Neymar has denied any wrongdoing and told the court investigating his case that his father and associates dealt with off-field business matters.
Cristiano Ronaldo’s representatives and legal team say the only dispute can be about quantity and that there has been no intention to commit fraud. “There is no tax evasion scheme… There has never been any hiding nor any intention to hide anything,” they say.
They argue he has paid tax to the Spanish treasury on 20% of his total image rights when, in fact, more than 90% of these are generated outside Spain as he is such a global name.
“The tax agency clearly thinks that if he is being paid for wearing certain boots, shirts or caps in Spain, then he cannot claim this money is being earned abroad,” explains Mr Cruzado.
Will any of them go to jail?
Neymar and Lionel Messi look set to be spared prison due to Spain’s unwritten two-year-sentence rule, even if Neymar is eventually found guilty.
Cristiano Ronaldo may be a different matter. Three of the four accusations of tax fraud are considered by prosecutors to be “aggravated”, so they carry a minimum sentence of two years each. Four guilty verdicts and he could face as many as seven years.
However, an investigating judge needs to ratify the prosecutors’ accusations, and that could take many months or even years.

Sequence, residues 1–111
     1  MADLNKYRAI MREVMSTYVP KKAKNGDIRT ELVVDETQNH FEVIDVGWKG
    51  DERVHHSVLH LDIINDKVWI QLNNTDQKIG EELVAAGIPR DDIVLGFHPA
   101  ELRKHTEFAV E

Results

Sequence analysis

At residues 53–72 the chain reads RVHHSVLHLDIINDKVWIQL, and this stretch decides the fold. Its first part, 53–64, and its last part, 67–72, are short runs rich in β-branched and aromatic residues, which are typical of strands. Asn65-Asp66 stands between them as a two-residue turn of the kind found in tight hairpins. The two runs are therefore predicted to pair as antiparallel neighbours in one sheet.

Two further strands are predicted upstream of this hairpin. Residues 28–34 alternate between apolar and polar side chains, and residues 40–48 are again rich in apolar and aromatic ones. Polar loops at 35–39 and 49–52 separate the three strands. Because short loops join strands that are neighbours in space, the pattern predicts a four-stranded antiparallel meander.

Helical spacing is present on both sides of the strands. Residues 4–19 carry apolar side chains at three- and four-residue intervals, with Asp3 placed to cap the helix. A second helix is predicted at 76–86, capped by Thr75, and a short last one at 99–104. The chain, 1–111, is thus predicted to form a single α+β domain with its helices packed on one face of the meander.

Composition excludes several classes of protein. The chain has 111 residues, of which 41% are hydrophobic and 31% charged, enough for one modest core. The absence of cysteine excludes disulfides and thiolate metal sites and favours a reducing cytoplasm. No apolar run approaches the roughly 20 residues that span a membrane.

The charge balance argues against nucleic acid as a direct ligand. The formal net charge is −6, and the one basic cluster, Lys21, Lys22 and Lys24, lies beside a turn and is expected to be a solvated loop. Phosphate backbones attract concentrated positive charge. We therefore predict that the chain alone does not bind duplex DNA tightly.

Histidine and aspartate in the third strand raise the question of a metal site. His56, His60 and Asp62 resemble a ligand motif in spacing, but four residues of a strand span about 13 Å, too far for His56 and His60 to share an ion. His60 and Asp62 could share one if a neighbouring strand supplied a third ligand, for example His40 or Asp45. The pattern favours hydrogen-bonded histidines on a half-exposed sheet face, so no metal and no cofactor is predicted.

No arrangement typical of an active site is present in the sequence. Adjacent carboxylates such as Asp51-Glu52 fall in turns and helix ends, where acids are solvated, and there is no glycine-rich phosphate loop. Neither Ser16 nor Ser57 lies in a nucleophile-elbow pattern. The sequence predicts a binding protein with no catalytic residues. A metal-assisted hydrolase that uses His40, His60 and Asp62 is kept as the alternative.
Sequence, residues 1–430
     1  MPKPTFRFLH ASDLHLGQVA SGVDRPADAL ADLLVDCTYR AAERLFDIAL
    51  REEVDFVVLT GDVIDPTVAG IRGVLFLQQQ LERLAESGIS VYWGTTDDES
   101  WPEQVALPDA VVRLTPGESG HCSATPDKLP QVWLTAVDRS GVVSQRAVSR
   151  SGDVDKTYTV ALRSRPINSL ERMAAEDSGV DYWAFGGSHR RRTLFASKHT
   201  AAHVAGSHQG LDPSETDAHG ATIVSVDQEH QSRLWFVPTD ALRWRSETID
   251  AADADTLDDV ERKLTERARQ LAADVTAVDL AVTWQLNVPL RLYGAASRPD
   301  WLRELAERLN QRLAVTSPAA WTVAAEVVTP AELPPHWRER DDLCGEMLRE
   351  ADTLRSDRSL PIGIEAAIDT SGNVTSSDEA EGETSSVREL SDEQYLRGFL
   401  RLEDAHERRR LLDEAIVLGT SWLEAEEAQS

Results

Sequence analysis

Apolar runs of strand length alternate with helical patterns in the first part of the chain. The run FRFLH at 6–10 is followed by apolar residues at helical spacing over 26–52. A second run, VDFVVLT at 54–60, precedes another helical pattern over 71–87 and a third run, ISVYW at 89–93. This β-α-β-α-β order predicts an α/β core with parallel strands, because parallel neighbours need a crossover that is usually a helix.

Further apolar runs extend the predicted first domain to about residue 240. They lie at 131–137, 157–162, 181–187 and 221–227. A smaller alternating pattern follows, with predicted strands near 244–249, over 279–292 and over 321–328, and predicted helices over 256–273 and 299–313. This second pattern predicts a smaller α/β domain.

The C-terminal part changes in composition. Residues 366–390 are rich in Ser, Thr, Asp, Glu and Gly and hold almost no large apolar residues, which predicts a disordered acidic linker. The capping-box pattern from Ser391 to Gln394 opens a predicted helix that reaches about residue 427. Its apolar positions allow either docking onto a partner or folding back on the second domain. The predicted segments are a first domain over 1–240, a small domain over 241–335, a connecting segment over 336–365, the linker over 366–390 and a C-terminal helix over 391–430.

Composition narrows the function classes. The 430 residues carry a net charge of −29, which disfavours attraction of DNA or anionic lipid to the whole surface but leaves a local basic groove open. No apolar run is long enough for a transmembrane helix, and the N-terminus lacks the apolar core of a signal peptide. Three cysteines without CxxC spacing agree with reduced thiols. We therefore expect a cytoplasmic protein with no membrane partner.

Even if the investigating magistrate does take up the case, the Portuguese will have several options and a guilty verdict would not necessarily mean jail.
He could admit guilt, pay taxes and fines in advance and reduce any eventual jail term to a half or quarter of the statutory minimum. That way he would slip under the standard two-year bar for first-time offenders and see his sentence suspended.
Spanish Catholic Nun Who Spent Her Life Helping The Poor Murdered In Haiti
Published September 02, 2016
The body of slain Spanish nun Isabelle Sola Matas is carried away by morgue workers, after she was attacked while driving her car in downtown Port-au-Prince, Haiti, Friday, Sept. 2, 2016. Local judge Noel Jean Brunet said that two men on a motorcycle drove by and killed the 51-year-old Roman Catholic nun while she was driving. Matas worked at St. Joseph church where she directed a program providing people with prosthetic limbs. (AP Photo/Dieu Nalio Chery)(The Associated Press)